Meanwhile, in Michigan…

December in Michigan means nothing to the snow gods. White Christmas? Not since I can remember. Just a foot or two before we all face an impending (but completely hypothetical) apocalyptic death? No chance.

So while the Pacific Northwest got thoroughly pounded this week and last, us Midwesterners are getting by like we always do—stupid amounts of rail jams and futile attempts at urban sessions that prevail only because someone gets a gnarly fall for the “early season edit”. Because if there is anyway to celebrate the holidays in Michigan/Wisconsin/Minnesota, it’s with a truck bed full of ice rink shavings and enough beer to make you forget just how bad you want to be skiing on real snow right now.

We’re currently experiencing our annual grace period in the Great Lakes State, the one that consistently lands before Christmas but after the influx of opening day powder shots on my Facebook news feed from such distant pre-season dreamlands as Washington and Utah. It’s weeks like these where we learn composure in the face of core shots and frustration at the local ‘mountain’, where exposed rocks and grass reign supreme under three inches of man-made crud. These are the weeks set aside for checking the weather, for getting stoked on three inches of whatever we can get (hybrid of rain, snow and hail? We’ll take it) and relishing in the curious joy of spending more time sitting in lawn chairs in the parking lot than subjecting your bases to variable pre-season conditions.

But there is light at the end of our currently dirty slush-filled tunnel. Mt. Bohemia, the holy grail of Midwest backcountry-esque riding, opens the day after Christmas, whether there is snow on the ground or not. We got four inches last night (“expect whiteout conditions,” the local news said, “this will be a big one”) and it’s finally cold enough for resorts to pump enormous amounts of “snow” out of large fans with hoses attached. An example of the obscene snowmaking is my home hill, Nubs Nob, in Harbor Springs, Michigan. Just to be clear, it takes a special strain of ruthless desire to administer 200 acres worth of snow to a landscape that looks that brown.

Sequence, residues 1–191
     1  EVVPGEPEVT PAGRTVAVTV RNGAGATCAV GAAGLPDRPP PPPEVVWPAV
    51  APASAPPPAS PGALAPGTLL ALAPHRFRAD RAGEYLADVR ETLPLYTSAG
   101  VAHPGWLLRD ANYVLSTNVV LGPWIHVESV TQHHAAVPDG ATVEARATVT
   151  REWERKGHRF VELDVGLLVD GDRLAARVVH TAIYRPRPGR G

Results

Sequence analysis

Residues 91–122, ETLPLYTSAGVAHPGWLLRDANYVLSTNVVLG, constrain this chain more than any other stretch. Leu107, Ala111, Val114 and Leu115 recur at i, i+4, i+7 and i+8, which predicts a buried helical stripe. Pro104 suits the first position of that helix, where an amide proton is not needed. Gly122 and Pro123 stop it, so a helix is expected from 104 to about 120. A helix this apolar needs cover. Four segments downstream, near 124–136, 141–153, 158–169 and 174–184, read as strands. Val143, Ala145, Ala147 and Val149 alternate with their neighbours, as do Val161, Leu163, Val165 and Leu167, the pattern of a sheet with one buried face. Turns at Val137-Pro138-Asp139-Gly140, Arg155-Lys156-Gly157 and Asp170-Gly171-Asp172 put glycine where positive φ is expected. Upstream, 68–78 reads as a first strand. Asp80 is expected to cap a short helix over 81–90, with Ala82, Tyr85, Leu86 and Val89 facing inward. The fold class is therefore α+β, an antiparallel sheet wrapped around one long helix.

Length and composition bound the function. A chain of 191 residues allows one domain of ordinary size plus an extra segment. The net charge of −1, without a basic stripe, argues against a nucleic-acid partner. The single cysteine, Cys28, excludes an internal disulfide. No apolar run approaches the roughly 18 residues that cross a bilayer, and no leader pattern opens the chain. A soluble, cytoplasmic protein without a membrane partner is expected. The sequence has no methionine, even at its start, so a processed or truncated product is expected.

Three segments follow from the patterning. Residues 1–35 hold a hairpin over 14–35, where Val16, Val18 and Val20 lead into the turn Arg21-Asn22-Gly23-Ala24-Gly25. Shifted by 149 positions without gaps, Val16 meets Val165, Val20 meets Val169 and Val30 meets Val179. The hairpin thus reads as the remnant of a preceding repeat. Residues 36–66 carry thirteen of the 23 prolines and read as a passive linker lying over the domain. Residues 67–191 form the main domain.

So, we’ll make our snow, and we’ll dance our snow dances, and we’ll stare longingly at the face shots on our computer screens between final portfolios and presentations, dreaming of faraway powdery places.

And maybe after they’re done laughing at our desperation, the holy snow gods for which we’ve all but cried to will finally cooperate. Obviously, we’ll be ready when they do.


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